More than halfway through June, teams begin to realize what the final three months of the season will bring. Some will plan for the future, others will gear up for a playoff run, and others will bring in the pieces necessary to win in October. This is the time of the season where teams make a lot of starting rotation changes because teams can’t afford to send a struggling pitcher out to the mound every five days when wins are so important. Also, this is the time of the year when teams start to promote their top prospects now that the Super-Two deadline has passed.

One such prospect takes the mound on Thursday night in Miami and that’s Andrew Heaney. Heaney is already a polished pitcher at 22 with a fastball that sits 89-93 and can touch 96 when he reaches back. The Marlins have shown little hesitance in calling up prospects, in part because they’re in a position to give them experience at the Major League level and also because owner Jeffrey Loria doesn’t have to worry about saving money in the future because he just rebuilds when those players reach the age of making substantial money.

The Blue Jays, with Marcus Stroman, and the Orioles, with Kevin Gausman, have already brought their top farm talent to the big leagues for an extended look. Others that may follow suit include the Mets, with Noah Syndergaard, the Rockies, with Jonathan Gray, and the Twins, with Alex Meyer.

Through the dog days of summer with injuries and call-ups, bettors will be required to look up statistics and scouting reports on some of these young guys to try and gain an edge over the books. Most of these young starters have unrefined breaking balls and some control problems. It’s important to look at statistics like K/BB and realize the run environment that the pitcher was pitching in. For example, 15 of the 16 teams in the Pacific Coast League have a team slugging percentage of .390 or higher. Eight of the 14 in the International League have a team slugging percentage of .390 or higher, but only two are over .400, while 13 teams cross the .400 in the PCL. For teams with Triple-A pitchers that have had a lot of success in the very hitter-friendly PCL, that should be a telling sign.

Keeping that in mind, let’s look at some MLB pitchers that could be on the verge of losing their jobs.

Aaron Harang (ATL): The shine may be coming off of Aaron Harang as the veteran right-hander now owns a 5.32 ERA and a 5.21 FIP in the month of June. In those four starts, Harang has issued 16 BB against just 12 K and gave up nine runs on 13 hits to the Phillies in his last start. His velocity was down quite a bit in that start and his terrific April is starting to look like a distant memory. With Alex Wood ready and waiting to return to the rotation, the leash may be really short with Harang.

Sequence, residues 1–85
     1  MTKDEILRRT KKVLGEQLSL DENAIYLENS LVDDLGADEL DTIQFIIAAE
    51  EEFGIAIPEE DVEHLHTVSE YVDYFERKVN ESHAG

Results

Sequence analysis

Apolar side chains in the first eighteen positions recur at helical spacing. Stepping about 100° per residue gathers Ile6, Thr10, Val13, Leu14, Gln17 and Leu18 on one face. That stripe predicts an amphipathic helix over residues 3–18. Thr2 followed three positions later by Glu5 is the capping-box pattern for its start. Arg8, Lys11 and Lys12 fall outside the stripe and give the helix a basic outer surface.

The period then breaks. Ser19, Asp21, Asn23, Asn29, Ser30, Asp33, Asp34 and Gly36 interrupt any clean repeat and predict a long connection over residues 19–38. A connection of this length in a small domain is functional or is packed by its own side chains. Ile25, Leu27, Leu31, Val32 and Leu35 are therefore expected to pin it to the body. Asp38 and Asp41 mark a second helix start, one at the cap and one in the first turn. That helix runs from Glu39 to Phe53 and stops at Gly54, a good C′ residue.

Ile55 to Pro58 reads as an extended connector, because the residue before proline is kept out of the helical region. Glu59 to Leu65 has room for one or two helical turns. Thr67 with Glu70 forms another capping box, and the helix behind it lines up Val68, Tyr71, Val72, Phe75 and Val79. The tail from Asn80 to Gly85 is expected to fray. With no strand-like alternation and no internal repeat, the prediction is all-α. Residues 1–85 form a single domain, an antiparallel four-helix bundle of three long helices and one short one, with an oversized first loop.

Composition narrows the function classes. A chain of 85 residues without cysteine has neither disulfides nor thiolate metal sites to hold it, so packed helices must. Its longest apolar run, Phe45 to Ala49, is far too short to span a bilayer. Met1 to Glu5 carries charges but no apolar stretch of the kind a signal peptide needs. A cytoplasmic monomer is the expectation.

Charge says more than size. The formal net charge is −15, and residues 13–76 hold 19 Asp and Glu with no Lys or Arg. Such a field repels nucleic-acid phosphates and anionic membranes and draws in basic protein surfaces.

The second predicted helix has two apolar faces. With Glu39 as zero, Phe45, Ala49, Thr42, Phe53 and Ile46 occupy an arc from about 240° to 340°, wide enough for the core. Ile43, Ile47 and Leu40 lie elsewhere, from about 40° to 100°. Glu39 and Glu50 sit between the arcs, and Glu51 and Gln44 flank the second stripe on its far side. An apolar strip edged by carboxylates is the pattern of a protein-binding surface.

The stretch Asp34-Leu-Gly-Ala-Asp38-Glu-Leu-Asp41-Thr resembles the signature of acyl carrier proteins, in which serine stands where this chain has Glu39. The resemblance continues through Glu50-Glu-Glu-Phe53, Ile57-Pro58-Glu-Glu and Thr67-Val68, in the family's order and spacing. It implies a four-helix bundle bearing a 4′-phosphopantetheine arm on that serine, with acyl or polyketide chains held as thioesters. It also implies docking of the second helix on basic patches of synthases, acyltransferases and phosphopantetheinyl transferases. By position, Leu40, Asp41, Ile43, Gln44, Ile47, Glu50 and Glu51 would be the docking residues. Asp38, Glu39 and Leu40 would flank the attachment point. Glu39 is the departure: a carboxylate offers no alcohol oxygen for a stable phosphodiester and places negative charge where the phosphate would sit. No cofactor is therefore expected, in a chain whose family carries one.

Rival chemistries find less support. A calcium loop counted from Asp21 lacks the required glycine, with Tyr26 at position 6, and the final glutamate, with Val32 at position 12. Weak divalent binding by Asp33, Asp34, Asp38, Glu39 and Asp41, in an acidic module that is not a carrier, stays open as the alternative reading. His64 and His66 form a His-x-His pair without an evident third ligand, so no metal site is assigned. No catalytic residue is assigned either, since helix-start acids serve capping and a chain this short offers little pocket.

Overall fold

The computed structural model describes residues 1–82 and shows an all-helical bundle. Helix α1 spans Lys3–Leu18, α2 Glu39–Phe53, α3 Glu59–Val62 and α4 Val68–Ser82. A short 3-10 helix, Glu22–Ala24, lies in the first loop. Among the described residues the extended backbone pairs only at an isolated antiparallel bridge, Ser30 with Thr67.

Matt Cain (SF): Matt Cain might be losing his job, not to a prospect, but to the disabled list. Cain’s velocity dropped for the third straight start on Wednesday and his strikeout-to-walk ratio has been trending downhill since the start of the season. The Giants already have uncertainty in the rotation with Tim Lincecum and Ryan Vogelsong, so it’s hard to see them waiting a while to give Cain some time to fix whatever is ailing him.

Marco Estrada (MIL): Marco Estrada was mentioned in last week’s article and he didn’t do much to keep his rotation spot in his last outing. He gave up five runs on eight hits and allowed three more homers to the Reds. Estrada’s ground ball rate for the month now sits at 21.8 percent, by far the lowest in the league. With the Cardinals making a push, Estrada is probably ticketed for a DL stint sooner rather than later so that the Brewers can take another look at top pitching prospect Jimmy Nelson.

A.J. Burnett (PHI): In keeping with the recent Phillies tradition of signing bad contracts, A.J. Burnett’s decline continues as he tries to pitch through a sports hernia. He’s put together back-to-back quality starts against the Padres and Cubs, but he had allowed 19 runs in 20 innings over his three previous starts. Burnett has a 5.50 ERA since May 1 and his strikeout rate in three June starts is down to 11.1 percent. There isn’t a big name prospect waiting in the wings, but Burnett may be shut down shortly to preserve him for the second year of his two-year deal.

For pitchers to start backing over the next few weeks, consider Danny Duffy (KC). Duffy is getting stronger and stronger in his return from Tommy John surgery and his ability to miss the barrel of the bat is a big benefit in spacious Kauffman Stadium. The Royals are hot right now and Duffy is a big part of the reason why.

Jarred Cosart (HOU): Jarred Cosart can be a hit-or-miss play because of the awful Astros defense, but Cosart’s promise is starting to shine through. Whether it was a mechanical adjustment or a feeling of comfort at the Major League level, Cosart has posted an 18/4 K/BB ratio this month. If his control improves, his 95+ mph fastball and good secondary stuff can lead to a lot of success. The Astros offense is much improved as well.

Jose Quintana (CWS): Jose Quintana should be an underrated commodity in the near future because of his 5.51 ERA in the month of June. Not only is the ERA ugly, but Quintana allowed five unearned runs in his first June start against the Dodgers. There’s nothing in Quintana’s profile that would suggest injury, so this is just a run of bad luck where balls are finding holes and a mechanical tweak from the stretch may be necessary. Look for a bounce back from him real soon.